On Thursday afternoon, Bloomberg Television abruptly cut away from a press conference where Nancy Pelosi was discussing next steps on Democrats’ economic agenda.
Joe Biden had just finished outlining a “framework” for his “Build Back Better” plan, the cost of which was trimmed to $1.75 trillion, just half of the top line figure Progressives hoped to push through Congress.
But something more important was happening. Forget childcare, clean energy and affordable housing. Facebook was changing its name to “Meta” and an eerily lifelike automaton called “Mark” was making the announcement during a virtual presentation at the company’s Connect conference.
“The metaverse is the next frontier,” Mark said, adopting a not quite convincing impression of human giddiness. His elbows were locked in an unnatural bend and although he gesticulated in an effort to accentuate the monologue, his hands never quite synced with the rise and fall of his voice. “From now on, we’re going to be metaverse-first, not Facebook-first.”
It was, for lack of a better word, weird. Like a cross between Lance Henriksen’s Bishop, in Aliens, and Michael Fassbender’s David in Alien: Covenant. And with Adderall.
Jokes aside, there was something entirely apt about Bloomberg interrupting coverage of the train wreck that is Democrats’ bungled effort to capitalize on a singular opportunity to reshape the American economy, to cover Zuckerberg’s rebranding unveil.
Zuckerberg, like Elon Musk, is becoming a demigod right in front of us. I’ve argued (mostly recently in “The Facebook Papers: We’re Not Asking The Right Questions“) that he’s conducting (and on the brink of failing) what might one day be viewed as the first real test of humans’ capacity to merge with AI.
Although he’s (easily) the least likable of America’s tech moguls, Zuckerberg, like Musk, Jeff Bezos and the Google braintrust, is pushing humanity forward. To where and to what end, we’re not exactly sure. But the point is that lawmakers in the US have proven, beyond a shadow of a doubt, that they’re utterly incapable of getting anything done, never mind passing meaningful legislation, let alone clearing proposals with the potential to effectuate transformational change in an efficient way.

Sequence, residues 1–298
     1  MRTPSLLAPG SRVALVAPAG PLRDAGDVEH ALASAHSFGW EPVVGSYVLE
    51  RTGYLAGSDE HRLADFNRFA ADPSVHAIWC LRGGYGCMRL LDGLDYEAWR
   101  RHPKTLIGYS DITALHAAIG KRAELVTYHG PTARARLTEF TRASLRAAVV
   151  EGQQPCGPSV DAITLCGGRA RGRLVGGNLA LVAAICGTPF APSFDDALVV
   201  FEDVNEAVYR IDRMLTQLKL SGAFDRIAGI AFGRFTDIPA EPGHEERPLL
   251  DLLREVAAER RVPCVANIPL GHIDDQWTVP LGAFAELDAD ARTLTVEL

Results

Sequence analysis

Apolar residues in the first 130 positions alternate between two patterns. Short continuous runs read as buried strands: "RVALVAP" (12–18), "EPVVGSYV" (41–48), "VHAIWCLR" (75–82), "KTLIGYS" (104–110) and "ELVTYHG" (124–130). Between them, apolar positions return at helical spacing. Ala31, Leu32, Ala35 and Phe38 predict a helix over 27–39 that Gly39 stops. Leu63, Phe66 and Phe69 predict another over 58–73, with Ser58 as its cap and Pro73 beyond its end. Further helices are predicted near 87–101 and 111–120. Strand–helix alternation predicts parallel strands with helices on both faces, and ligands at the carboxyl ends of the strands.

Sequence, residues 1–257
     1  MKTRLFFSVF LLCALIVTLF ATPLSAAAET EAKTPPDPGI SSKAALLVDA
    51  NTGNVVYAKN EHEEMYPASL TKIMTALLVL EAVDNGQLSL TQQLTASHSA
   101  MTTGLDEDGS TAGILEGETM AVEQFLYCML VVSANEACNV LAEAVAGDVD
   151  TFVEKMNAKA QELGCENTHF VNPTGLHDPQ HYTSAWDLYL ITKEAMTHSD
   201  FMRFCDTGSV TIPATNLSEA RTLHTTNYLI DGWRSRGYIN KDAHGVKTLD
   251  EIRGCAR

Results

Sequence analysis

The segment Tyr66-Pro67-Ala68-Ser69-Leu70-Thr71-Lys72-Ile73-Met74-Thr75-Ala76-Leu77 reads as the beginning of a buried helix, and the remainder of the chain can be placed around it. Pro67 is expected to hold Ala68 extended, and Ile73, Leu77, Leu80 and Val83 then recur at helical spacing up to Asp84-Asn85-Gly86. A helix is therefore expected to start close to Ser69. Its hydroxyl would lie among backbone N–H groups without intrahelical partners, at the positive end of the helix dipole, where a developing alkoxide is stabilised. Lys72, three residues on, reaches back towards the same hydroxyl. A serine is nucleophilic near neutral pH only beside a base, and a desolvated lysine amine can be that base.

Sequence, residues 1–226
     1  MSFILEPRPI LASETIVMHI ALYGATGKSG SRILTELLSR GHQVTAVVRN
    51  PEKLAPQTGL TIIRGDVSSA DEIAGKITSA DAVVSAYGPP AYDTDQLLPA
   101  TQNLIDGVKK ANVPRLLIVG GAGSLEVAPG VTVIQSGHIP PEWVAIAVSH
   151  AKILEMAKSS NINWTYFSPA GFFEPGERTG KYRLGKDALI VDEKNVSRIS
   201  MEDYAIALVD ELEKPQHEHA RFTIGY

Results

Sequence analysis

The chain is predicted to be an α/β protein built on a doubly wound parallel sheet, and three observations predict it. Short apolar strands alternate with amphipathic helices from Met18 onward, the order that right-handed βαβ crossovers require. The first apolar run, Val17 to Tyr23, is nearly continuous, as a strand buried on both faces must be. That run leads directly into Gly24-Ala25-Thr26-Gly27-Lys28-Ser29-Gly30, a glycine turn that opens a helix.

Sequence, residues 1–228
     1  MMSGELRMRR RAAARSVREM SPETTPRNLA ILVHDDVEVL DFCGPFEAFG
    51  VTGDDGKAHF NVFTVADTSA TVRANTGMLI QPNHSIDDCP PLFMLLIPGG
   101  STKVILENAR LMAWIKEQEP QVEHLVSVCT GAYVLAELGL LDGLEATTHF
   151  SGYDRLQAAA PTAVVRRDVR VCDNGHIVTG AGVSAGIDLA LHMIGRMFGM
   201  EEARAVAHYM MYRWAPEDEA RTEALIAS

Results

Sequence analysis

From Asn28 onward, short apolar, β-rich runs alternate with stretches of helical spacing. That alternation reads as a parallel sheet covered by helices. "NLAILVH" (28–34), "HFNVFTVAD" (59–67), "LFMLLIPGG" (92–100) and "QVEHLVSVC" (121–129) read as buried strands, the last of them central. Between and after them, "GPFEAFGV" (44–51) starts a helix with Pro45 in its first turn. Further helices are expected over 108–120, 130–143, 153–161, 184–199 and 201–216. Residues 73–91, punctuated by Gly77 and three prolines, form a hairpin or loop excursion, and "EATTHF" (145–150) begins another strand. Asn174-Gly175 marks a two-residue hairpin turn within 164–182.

Zuckerberg famously told Facebook’s employees to “move fast and break things.” The implication is that if you’re not breaking stuff, you’re moving too slow. It should follow that moving slow, while detrimental to progress and innovation, is at least safer. Somehow, Congress manages to encapsulate the worst of all possible permutations. US politics moves slow, rarely makes any progress and breaks things anyway.
I have no opinion on Facebook’s rebranding. I’m not sure what it means to be “metaverse-first” in a business sense. Bloomberg explained that “In Meta’s vision, people will congregate and communicate by entering virtual environments, whether they’re talking with colleagues in a boardroom or hanging out with friends in far-flung corners of the world.” Maybe Sergey Lavrov will show up for good, hearty virtual laugh.
Some media takes were deliberately silly. “Facebook Is Now Meta. What Happens to FANG?”, wondered Emily Graffeo and Vildana Hajric. But even the more serious coverage seemed to skirt the existential questions.
For example, how immersive do we really want this to be? And, relatedly, how invasive are we prepared for the connection to be assuming we develop better technology? It’s one thing to wander around with a clunky headset strapped to your face or a pair of glasses that superimposes a map on the sidewalk or become so wedded to the avatar that strolls around in some cartoon game that you begin to identify more with it than you do the real you. It’s something entirely different if companies, like Meta, start down the road to implants or ingestibles that interact with our biochemistry to change the way we experience reality. Or take us into another reality entirely.